Jean P. Lynch, Individually and on Behalf of All Personssimilarly Situated, Plaintiff,jesse M. Hughes, et al., Intervening Plaintiffs-appellants, v. William J. Baxley, Etc., et al., Defendants-appellees, 744 F.2d 1452 (11th Cir. 1984)Annotate this Case
Robert D. Segall, E. Terry Brown, Montgomery, Ala., for intervening plaintiffs-appellants.
Julian Butler, Sp. Asst. Atty. Gen., Huntsville, Ala., R. Emmett Poundstone, Asst. Atty. Gen., Dept. of Mental Health, Montgomery, Ala., for defendants-appellees.
Appeal from the United States District Court for the Middle District of Alabama.
Before VANCE and CLARK, Circuit Judges, and TUTTLE, Senior Circuit judge.
CLARK, Circuit Judge:
Plaintiffs-appellants seek to enjoin the defendant officials of the state of Alabama from detaining in county jails persons awaiting mental illness involuntary commitment proceedings.1 The class alleges that the incarceration provided for in the emergency detention provision of the Alabama civil commitment statute deprives them of due process, constitutes cruel and unusual punishment and denies them equal protection of the laws.
This case marks a continuation of wide-ranging litigation which began in 1974 as an attack on the constitutionality of Alabama's civil commitment procedures. Lynch v. Baxley, 386 F. Supp. 378 (M.D. Ala. 1974) (Lynch I) . The class certified in that case contained all persons who were or would be involuntarily civilly committed in Alabama. The three-judge district court found that the commitment statute then in effect violated due process in large part because it allowed detention without a probable cause hearing within a reasonable time, failed to require the presence of the person being committed and appointed counsel at the hearing and contained ill-defined standards for commitment. In response to the judgment of the court, which included an injunction against involuntary commitments under the old system, Alabama enacted a new civil commitment statute in 1975. The new statute provided for a probable cause hearing within 7 days of detention and a final hearing within 30 days of receipt of the commitment petition (Sec. 22-52-8), the appointment of an attorney (Sec. 22-52-4) and the presence of that attorney and the person to be committed at all hearings (Sec. 22-52-9) and established a clear standard for determining whether commitment was appropriate (Sec. 22-52-10).2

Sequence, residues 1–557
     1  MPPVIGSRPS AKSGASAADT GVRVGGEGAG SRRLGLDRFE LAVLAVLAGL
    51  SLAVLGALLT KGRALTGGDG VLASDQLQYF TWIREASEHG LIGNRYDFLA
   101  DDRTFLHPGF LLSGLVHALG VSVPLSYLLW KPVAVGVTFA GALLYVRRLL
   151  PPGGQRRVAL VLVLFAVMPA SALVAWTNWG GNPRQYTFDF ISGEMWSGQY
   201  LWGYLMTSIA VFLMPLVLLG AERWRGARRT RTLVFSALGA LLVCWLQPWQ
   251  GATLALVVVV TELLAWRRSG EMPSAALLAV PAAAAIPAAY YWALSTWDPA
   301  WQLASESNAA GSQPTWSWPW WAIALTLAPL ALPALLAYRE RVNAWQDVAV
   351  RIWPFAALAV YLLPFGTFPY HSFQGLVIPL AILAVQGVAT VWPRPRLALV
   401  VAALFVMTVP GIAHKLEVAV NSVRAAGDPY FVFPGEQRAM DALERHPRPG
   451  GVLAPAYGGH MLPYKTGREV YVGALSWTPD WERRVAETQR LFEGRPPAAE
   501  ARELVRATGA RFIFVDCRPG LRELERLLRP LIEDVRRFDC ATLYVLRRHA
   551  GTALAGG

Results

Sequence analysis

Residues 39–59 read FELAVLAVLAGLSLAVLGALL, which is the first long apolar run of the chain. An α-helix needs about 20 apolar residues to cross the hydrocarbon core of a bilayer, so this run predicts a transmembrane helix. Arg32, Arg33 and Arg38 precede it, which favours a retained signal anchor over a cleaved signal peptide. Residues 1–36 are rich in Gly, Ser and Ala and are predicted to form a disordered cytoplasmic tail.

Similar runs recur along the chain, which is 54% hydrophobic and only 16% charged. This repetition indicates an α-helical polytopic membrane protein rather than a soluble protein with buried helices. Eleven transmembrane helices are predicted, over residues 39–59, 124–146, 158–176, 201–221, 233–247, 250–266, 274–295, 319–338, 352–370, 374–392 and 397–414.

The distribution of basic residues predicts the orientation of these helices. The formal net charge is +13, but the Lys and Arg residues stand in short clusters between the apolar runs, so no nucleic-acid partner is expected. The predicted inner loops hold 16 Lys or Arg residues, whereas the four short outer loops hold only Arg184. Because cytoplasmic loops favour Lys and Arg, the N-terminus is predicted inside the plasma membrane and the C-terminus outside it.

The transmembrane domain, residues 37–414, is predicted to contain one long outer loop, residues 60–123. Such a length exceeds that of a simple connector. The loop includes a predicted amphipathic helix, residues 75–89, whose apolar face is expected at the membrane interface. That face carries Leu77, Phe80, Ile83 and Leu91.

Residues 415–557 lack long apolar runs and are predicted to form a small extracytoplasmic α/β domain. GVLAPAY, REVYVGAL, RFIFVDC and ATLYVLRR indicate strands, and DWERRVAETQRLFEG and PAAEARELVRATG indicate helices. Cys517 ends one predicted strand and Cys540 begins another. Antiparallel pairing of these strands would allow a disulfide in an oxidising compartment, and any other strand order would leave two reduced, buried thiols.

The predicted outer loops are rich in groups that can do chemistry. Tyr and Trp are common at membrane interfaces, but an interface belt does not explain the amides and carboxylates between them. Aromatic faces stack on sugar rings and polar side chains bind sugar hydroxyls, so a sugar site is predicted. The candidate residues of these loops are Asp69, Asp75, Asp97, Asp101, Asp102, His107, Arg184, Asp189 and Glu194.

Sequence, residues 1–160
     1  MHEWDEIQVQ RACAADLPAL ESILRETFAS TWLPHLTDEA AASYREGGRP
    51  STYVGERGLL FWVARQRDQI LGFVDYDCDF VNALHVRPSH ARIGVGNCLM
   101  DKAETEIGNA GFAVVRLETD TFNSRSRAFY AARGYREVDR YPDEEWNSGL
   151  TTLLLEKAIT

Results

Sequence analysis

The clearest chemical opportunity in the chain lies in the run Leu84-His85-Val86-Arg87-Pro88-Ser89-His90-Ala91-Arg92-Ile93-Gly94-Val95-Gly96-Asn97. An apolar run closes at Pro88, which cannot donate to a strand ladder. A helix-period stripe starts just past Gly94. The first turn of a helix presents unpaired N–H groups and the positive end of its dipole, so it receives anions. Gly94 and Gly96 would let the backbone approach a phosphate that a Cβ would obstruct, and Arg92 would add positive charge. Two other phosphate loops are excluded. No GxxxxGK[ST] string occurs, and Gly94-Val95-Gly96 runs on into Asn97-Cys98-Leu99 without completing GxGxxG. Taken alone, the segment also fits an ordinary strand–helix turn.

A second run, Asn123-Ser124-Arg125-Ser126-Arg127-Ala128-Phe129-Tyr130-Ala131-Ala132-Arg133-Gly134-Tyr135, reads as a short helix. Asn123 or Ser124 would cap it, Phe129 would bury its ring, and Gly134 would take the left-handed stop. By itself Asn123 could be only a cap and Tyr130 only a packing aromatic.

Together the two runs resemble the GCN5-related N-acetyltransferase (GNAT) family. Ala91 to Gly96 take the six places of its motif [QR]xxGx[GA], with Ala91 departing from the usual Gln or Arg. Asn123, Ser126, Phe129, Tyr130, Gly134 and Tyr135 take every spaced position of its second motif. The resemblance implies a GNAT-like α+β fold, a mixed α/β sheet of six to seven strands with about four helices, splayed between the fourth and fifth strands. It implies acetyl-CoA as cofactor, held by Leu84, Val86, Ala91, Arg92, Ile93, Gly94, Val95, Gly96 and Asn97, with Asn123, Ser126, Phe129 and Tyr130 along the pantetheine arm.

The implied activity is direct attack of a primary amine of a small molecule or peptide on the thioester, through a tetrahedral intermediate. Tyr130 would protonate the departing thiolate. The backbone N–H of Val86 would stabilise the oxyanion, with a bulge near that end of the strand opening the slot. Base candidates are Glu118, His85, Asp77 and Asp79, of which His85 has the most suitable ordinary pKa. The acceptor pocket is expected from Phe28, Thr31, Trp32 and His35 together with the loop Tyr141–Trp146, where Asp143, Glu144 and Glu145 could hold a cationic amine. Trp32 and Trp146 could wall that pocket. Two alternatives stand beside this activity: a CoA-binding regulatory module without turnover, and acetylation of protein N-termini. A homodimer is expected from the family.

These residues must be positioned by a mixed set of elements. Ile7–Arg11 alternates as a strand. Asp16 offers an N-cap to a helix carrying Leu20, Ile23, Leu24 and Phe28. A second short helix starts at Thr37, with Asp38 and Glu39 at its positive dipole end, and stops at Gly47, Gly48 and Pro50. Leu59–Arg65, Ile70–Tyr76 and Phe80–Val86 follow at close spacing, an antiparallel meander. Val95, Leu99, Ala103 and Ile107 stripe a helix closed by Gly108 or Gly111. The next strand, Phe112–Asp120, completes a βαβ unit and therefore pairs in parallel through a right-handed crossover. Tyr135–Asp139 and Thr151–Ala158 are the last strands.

In 1977, the class filed a Motion for Further Relief arguing that other provisions of the new statute, those allowing emergency detention in jails until the commitment hearings are held (Secs. 22-52-7 and 22-52-8), violated due process, constituted cruel and unusual punishment and deprived them of equal protection.3 Appellants retained the same class and class representatives as in the original action. Discovery, which involved sending interrogatories on the terms and conditions of jail detention to all county probate judges, ensued for two years. The district court then dismissed the case without prejudice finding that there was no proof that the named plaintiffs had standing to seek relief from the new statute. On appeal, a panel of this court held that the original plaintiffs no longer had standing.4 Lynch v. Baxley, 651 F.2d 387 (5th Cir. Unit B 1981) (Lynch II) . Lack of standing by the named plaintiffs, however, was not found to be determinative. The Lynch II court found that the class retained a legal status separate from that of the named plaintiffs and that although the class had been truncated by the passage of the new civil commitment statute the claims of those members upon whom the emergency detention provision would operate remained viable. 651 F.2d at 388. The court then remanded the case with instructions to allow time for the intervention of plaintiffs with standing to represent the interests of the class. Id. at 388-89. In response to the district court order complying with the Lynch II mandate, counsel for the plaintiffs made a motion to amend the complaint adding David Bruce Pearcy as a party plaintiff in the case. The district court granted that motion and then proceeded to rule against the plaintiffs on their constitutional claims (September 30, 1982). The class then appealed that judgment to this court. During oral argument, a question was raised as to whether this action presented a case or controversy. The amendment to the pleading making Pearcy a class representative indicated that at the time it was filed Pearcy was no longer being held in a county jail but had been committed to a state hospital. Unable to determine whether the named plaintiff had standing to represent the class, this court remanded the case to the district court to make that determination (January 18, 1984). Pursuant to our order, the district court received and considered a stipulation filed by the parties on this question. The stipulation revealed that Pearcy was eventually released from the state mental hospital but was later detained in the Lee County jail pursuant to another petition for commitment under Sec. 22-52-7. Pearcy remained incarcerated at the county jail until his commitment to yet another state facility. The district court considered this evidence and found that Pearcy had standing and therefore was a proper class representative. Since this court retained jurisdiction over this action pending a determination on the standing issue, the case is now before us again. Before considering the claims of the plaintiffs-appellants, however, this court must examine whether the named plaintiff has standing to represent the class.